On Thursday, a federal judge in Georgia endorsed the state’s new Republican-drawn congressional maps, which notably include the addition of a majority-Black district, bolstering the GOP’s position in the state. This ruling is seen as a significant victory for Georgia’s Republicans in their effort to maintain their majority.
Judge Steve C. Jones of the U.S. District Court confirmed the approval of these maps in a 15-page order. He acknowledged that the Georgia General Assembly had adhered to his previous directive from October to establish a majority-Black congressional district in western metro Atlanta.
These redrawn maps have significant implications, particularly for Rep. Lucy McBath (D-Ga.). Her district in northeast Atlanta is now split among neighboring areas and shifted to a more rural region, a move that is likely to favor Republican representation. Consequently, this redistricting is expected to help the GOP keep their 9-5 lead in House representation.
The new district layout also introduces a fresh western Atlanta district, encompassing parts of Fulton, Douglas, and Cobb counties, predominantly Black according to the court documents.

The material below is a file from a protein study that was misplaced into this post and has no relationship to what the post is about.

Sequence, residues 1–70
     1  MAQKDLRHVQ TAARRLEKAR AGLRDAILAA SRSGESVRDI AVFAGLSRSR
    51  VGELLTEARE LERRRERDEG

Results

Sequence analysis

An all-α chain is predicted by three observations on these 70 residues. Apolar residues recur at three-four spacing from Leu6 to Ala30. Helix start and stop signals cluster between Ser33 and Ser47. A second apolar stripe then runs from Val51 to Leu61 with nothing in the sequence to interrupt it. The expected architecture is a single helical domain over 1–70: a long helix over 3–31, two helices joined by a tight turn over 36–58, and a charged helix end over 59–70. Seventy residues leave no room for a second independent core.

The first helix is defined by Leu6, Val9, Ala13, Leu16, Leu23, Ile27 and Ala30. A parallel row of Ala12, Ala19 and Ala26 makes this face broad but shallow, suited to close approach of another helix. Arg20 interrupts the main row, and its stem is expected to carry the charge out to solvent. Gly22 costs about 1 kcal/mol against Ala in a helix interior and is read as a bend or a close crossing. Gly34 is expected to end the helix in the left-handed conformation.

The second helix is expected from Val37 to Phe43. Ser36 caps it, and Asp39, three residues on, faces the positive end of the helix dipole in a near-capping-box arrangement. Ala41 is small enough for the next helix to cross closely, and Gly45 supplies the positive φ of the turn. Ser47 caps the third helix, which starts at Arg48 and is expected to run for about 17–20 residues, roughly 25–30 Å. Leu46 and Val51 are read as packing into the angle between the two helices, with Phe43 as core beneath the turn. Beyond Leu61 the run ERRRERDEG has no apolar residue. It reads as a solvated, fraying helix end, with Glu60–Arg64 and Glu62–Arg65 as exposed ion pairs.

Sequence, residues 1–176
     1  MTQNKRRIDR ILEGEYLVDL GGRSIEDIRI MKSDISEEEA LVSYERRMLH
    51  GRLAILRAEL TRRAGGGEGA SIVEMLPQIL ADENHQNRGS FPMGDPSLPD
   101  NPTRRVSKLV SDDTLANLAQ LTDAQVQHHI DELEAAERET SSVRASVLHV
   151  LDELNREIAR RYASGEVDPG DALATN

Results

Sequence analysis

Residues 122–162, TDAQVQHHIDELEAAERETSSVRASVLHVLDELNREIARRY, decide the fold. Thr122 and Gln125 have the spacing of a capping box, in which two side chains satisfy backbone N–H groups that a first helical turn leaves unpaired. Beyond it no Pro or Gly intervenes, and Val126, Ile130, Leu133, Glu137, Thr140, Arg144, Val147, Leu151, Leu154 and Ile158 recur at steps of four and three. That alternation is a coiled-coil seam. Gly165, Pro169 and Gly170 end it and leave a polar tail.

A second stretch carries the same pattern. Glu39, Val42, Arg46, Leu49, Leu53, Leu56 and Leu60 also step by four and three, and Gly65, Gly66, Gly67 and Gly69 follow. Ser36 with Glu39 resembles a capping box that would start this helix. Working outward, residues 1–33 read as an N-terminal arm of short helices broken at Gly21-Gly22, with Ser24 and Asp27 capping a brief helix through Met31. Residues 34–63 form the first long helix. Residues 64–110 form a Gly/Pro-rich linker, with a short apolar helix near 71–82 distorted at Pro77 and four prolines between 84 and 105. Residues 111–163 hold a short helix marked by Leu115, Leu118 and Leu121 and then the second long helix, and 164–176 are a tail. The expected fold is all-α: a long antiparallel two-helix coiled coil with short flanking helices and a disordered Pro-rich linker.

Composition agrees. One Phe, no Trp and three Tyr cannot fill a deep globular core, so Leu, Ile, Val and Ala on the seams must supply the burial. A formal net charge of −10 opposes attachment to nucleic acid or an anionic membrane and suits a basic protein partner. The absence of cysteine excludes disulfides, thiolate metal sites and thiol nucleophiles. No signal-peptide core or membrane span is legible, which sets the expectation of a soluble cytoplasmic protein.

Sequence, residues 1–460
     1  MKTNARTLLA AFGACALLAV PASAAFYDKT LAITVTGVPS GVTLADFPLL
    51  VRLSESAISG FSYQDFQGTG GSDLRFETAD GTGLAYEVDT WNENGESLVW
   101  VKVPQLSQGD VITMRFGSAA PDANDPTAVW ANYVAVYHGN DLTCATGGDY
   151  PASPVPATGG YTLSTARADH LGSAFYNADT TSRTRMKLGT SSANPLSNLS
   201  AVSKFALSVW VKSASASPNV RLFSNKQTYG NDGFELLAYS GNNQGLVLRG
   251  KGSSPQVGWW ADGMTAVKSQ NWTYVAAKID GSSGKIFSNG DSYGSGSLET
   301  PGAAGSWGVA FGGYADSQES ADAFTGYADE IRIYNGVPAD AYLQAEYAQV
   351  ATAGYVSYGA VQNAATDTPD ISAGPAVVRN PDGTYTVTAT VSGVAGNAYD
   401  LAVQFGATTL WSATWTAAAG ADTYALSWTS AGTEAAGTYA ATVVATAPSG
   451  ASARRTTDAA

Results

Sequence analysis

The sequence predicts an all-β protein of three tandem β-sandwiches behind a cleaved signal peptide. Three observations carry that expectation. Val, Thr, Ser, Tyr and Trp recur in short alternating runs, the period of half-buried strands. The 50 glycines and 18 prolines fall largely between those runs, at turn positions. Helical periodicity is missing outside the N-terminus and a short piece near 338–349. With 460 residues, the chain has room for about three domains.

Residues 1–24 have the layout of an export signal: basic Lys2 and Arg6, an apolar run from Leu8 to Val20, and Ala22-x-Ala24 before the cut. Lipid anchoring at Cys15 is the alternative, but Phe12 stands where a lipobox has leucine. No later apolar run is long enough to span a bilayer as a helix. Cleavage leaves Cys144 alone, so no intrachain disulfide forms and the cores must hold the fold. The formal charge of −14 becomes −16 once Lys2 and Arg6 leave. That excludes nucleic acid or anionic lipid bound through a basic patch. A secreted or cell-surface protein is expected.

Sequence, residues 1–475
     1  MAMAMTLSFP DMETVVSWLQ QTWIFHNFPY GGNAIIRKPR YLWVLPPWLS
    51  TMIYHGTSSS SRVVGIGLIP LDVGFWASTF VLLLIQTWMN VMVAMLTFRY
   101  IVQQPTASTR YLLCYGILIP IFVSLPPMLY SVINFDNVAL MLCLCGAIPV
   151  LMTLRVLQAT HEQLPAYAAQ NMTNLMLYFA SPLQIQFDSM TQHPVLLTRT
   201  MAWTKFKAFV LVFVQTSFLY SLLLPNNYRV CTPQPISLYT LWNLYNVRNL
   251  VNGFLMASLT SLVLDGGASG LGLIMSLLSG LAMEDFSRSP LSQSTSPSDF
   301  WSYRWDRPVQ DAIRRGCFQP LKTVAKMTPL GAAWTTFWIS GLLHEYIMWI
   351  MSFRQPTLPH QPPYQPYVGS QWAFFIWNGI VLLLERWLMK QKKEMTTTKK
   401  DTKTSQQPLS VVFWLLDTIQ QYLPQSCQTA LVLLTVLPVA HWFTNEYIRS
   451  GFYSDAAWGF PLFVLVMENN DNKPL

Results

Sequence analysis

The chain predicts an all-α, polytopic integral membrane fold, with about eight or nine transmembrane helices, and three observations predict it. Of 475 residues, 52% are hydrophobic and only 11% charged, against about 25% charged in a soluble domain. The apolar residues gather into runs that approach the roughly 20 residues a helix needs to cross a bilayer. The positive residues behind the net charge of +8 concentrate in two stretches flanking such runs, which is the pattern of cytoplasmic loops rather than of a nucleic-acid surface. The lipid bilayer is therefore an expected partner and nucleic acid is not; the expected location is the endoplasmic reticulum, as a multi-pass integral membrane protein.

This redrawing of the congressional maps in Georgia is a response to Judge Jones’s October decision. He had previously declared the state’s congressional and legislative maps invalid, citing their violation of the Voting Rights Act by undermining the voting power of Black citizens in Georgia. The state legislature was given until December 8 to devise new boundaries.
Despite some opposition from Democrats and voting rights advocates, who claimed that the new maps did not fully comply with Jones’s mandate to create a new Black-majority district without reducing minority representation elsewhere, Judge Jones affirmed his ruling. He clarified that his judicial role does not extend to making legislative policy decisions, even if such choices might seem inadvisable.
The issue of congressional mapping has been a contentious one across various states, including New York, Wisconsin, and Alabama. These redistricting battles are likely to play a significant role in the upcoming 2024 elections. Notably, in October, a panel of federal judges sanctioned a new congressional map for Alabama, which retained the state’s single majority-Black district and nearly added a second, potentially increasing the Democrats’ chances of securing a Senate seat.